This book is not a rehash of the Salesforce Apex language documentation.

I just wanted to get that out of the way. I know there is sometimes value in the kind of book where 90% of the content is a rephrasing of the documentation and only 10% is new and interesting – a good author can organize information to make it easier for beginners to learn. But they are frustrating for intermediate and advanced developers who have to sift endlessly through familiar content to find one or two nuggets of new material.

So I’m going to assume that you either have read, or can read, the Salesforce Apex language documentation. If you are new to Apex, you will find this book helpful – especially if you are coming to Apex from another language – but it is not a tutorial and will not replace the Apex documentation. If you have Apex programming experience, I’m confident you’ll find material here that will at the very least prove thought provoking, if not occasionally mind-blowing.

This book is about design patterns, best practices, and creative solutions to the kinds of problems developers face out in the real world.

You see, language documentation is generally written by the language team (or their technical writers) – which is good, because they know the language best. But the language team members are rarely application developers – that’s not their job.

White-papers and application notes are generally written by technical evangelists and consultants who often do have real-world experience, but are limited by the focus and format of the particular white paper or article. Short articles (of which I’ve written many) serve a purpose, but are often limited in the level of depth they can achieve.

If you want to bring together real-world experience in a format that allows for as much depth as necessary, and organizes the information in such a way that concepts build on each other to really teach the material – you need a book. You need a book written by someone who actually writes production code, both as a consultant for individual clients, and as a developer of applications for distribution.

Which brings me to the story how I came to write this book.

For most of my career, I was a developer on Microsoft platforms – proficient in C and C++, Visual Basic, VB .NET and C#. I ran (and still run) the company Desaware, that published software for .NET developers ( and now publishes my books ( I also wrote a number of programming books, and spent quite a few years on the speaker circuit – presenting at conferences that focused on Microsoft technologies.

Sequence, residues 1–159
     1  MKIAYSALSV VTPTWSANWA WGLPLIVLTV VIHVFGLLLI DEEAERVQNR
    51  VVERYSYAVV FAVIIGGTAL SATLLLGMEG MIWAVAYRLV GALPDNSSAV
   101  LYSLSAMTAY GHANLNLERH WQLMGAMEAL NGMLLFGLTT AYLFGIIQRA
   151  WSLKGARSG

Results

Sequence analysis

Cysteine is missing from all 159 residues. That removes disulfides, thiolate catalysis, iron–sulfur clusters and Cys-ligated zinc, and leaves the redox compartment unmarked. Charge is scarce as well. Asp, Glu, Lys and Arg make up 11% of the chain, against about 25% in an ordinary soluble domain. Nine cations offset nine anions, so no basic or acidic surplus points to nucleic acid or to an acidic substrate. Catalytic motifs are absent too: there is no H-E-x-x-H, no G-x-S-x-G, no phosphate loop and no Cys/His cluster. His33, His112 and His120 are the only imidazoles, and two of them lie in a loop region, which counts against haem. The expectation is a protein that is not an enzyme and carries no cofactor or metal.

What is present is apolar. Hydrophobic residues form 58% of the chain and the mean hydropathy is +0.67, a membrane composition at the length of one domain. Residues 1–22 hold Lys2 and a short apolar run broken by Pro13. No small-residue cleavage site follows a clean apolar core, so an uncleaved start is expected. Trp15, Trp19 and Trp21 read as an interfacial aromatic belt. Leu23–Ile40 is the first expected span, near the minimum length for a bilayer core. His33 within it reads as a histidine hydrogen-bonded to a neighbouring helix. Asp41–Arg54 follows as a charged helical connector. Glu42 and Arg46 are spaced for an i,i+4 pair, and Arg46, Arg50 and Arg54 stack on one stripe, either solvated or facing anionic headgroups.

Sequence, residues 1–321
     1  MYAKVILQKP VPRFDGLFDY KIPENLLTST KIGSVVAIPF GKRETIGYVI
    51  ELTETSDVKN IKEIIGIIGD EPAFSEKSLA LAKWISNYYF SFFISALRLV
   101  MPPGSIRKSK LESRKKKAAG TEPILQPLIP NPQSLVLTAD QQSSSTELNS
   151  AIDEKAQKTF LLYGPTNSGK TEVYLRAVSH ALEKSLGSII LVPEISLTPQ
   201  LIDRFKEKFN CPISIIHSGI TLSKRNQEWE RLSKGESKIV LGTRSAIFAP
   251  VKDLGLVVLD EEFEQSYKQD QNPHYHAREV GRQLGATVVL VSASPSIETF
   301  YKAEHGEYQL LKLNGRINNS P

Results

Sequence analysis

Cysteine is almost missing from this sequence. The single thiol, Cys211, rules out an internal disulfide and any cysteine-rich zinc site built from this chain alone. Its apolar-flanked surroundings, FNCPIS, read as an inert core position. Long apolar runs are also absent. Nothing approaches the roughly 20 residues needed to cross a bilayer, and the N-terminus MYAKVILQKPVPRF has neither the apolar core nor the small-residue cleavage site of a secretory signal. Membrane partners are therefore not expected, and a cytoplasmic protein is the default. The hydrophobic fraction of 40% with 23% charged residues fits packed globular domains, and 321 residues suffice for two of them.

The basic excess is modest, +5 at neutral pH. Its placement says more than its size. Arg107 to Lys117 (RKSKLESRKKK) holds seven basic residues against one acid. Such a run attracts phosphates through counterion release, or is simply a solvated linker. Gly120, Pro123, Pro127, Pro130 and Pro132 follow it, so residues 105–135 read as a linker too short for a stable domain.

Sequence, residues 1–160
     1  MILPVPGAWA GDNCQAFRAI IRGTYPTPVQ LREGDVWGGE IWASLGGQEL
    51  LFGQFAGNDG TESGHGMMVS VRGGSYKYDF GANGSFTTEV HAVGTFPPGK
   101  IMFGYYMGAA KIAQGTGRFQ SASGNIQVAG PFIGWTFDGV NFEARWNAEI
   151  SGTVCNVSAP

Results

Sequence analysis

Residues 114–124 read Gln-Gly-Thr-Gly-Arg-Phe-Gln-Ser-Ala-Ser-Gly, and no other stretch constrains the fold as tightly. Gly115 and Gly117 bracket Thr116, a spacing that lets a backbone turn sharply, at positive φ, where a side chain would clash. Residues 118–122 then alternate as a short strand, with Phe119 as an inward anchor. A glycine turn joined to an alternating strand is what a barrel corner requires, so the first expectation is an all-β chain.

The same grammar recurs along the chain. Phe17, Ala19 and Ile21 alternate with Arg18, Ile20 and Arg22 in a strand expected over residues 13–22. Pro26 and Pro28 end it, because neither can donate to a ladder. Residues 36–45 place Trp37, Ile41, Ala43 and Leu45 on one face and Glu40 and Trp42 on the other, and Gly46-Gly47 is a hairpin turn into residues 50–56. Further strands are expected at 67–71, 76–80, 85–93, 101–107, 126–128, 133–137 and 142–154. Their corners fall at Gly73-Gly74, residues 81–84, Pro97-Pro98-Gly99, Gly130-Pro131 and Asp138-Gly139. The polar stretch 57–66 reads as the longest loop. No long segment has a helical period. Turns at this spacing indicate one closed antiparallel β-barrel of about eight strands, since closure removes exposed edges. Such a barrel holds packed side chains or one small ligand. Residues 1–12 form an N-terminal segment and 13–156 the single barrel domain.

About fourteen years ago, a Salesforce consultant I know needed an Apex trigger written, and since I was one of the few programmers she knew, she asked me to take a look. Writing that first trigger was certainly easy enough – though I suspect I’d be embarrassed by the code if I looked at it now. I found myself spending more and more time working in Apex – I found it to be both challenging and fun.

About eleven years ago, I joined her and two others to establish a new company, Full Circle Insights, to develop a new Salesforce application related to marketing and sales data and analytics. As CTO, I designed and built the application – which evolved into a very large and sophisticated native AppExchange app (an app that runs entirely on the Salesforce platform). In doing so, I learned a lot.

As I have always enjoyed sharing what I learn, I ended up writing this book. It contains all of the things that I wish I had known back when I first started working in Apex. Things that I learned the hard way. Things that are either not found in the documentation, or are hidden in a footnote somewhere when they should be plastered across an entire page in bold flashing neon.

Think of this as a companion to the Apex Developer Guide – a commentary if you will. The focus is on the core language and design patterns. These are the essential foundations that you need to work effectively in Apex with the various platform features such as Lightning, VisualForce, and so forth (topics that are important, and deserving of their own books, but are not covered here).

Parts of this book focus on concepts – ways of thinking that will be fairly easy to follow, even for relative beginners and those completely new to Apex. But parts of this book focus more on advanced design patterns, and to really understand them, you’ll need to dig into the code, and preferably install and experiment with the samples. You may need to refer back to the language documentation. You may even find parts of the book to be too hard to follow on a first reading. In truth, the book would hardly deserve the word “Advanced” in the title if this were not the case. If you do find yourself getting stuck, skip or scan a section and then move on. You’ll find it easier to digest the second time through.

By the time you’re done, I think you will find it was well worth the effort.

Dan Appleman